Despite intense research, it is still unclear how IDH1 and IDH2 influence prognosis in patients with cancer. Recent reports show that the mutated form inhibits the homodimerisation of the wild-type protein,3 blocks differentiation of non-transformed cells4 and is likely to be involved in tumorogenesis in part through induction of HIF-1 signalling.3 In a recent study, we were able to show that mutant IDH1 inhibits PI3K signalling, thus possibly delays tumour progression.5

The chemokine receptor CXCR7 and its ligand6 are expressed on both glioma cells (tcCXCR7, tcSDF1a) and tumour-associated vessels (vasCXCR7, vasSDF1a).7 Both molecules have been implicated in cancer angiogenesis8 ,9 and tumour cell migration,10 where CXCR7 was expressed on the migrating cell and SDF1a acted as a chemoattractant.11 ,12 A recent study has shown that in the rodent glioblastoma multiforme models, pharmacological inhibition of CXCR7 post irradiation caused tumour regression, blocked tumour recurrence and/or substantially prolonged survival.13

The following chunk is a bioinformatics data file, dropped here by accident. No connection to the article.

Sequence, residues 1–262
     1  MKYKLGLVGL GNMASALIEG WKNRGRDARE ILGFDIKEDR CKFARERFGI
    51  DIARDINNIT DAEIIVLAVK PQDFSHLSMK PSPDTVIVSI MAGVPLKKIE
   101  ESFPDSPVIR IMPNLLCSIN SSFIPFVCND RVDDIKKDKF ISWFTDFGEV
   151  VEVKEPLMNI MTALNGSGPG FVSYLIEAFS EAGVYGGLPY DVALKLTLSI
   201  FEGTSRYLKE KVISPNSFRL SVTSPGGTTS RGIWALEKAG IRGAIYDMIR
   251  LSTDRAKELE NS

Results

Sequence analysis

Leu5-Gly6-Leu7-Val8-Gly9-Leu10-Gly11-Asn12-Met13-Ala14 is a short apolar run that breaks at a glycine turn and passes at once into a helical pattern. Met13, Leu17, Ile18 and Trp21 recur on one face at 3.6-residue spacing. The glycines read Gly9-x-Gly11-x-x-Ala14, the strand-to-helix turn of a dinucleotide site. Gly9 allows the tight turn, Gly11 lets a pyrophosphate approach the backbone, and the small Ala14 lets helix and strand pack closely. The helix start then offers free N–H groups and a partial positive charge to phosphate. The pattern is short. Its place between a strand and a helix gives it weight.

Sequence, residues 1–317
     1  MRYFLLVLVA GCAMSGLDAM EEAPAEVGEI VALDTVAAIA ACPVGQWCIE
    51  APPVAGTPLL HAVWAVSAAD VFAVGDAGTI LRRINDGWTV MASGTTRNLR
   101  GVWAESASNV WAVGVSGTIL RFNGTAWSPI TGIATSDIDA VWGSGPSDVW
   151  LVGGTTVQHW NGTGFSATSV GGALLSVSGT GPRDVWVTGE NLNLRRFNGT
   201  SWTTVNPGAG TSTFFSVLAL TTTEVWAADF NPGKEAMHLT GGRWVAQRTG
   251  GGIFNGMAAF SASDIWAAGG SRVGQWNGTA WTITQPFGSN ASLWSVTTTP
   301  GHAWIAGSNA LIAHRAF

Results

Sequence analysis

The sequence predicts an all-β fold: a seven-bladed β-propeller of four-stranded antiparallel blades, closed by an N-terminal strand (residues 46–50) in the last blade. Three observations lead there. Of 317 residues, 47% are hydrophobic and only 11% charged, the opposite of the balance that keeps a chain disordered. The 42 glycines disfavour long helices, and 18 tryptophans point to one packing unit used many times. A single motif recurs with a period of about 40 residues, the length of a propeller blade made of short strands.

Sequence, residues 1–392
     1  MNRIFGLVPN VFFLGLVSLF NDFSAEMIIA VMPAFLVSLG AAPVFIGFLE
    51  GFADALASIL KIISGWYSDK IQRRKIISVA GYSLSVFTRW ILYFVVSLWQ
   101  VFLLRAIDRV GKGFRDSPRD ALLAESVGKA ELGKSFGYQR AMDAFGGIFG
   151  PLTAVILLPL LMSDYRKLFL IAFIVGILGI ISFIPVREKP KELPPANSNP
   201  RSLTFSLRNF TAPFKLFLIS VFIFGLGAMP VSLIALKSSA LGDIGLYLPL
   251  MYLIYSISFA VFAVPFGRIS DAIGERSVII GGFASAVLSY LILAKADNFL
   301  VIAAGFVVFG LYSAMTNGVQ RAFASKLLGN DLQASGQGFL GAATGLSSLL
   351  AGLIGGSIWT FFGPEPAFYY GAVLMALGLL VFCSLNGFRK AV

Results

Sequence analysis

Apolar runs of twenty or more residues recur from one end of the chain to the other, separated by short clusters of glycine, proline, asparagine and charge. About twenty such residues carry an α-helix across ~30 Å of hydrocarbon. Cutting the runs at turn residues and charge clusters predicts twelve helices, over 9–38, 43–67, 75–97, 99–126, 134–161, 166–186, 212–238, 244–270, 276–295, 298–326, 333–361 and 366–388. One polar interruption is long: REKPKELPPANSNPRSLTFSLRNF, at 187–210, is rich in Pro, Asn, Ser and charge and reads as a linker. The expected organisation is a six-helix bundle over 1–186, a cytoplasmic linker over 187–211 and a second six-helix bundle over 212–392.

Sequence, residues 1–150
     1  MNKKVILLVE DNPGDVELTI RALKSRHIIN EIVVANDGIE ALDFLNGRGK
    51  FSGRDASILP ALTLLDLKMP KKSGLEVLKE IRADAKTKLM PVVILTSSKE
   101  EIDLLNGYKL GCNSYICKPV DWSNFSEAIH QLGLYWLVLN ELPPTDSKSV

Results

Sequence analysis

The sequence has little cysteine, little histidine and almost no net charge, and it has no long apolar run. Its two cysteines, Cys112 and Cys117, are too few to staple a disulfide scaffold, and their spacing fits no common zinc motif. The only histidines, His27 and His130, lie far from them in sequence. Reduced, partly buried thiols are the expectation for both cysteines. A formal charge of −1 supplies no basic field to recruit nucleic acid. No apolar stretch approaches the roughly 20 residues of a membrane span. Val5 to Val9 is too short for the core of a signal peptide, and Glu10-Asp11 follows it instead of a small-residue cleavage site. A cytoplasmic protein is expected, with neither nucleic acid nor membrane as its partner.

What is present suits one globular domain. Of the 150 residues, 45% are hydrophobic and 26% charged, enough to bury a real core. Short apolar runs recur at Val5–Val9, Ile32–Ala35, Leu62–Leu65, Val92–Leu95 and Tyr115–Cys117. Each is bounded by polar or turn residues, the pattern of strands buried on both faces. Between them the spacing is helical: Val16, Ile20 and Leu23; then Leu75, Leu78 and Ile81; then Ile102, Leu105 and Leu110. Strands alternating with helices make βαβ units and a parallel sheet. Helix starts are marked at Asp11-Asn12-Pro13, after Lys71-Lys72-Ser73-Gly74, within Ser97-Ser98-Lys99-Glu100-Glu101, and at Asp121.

Here we show that expression of CXCR7 on endothelial cells in IDH1 mutant cases predicts poor outcome while in a non-overlapping glioma population expressing the cell surface protein PDPN, expression of CXCR7 on tumour cells predicts diminished prognosis.

Material and methods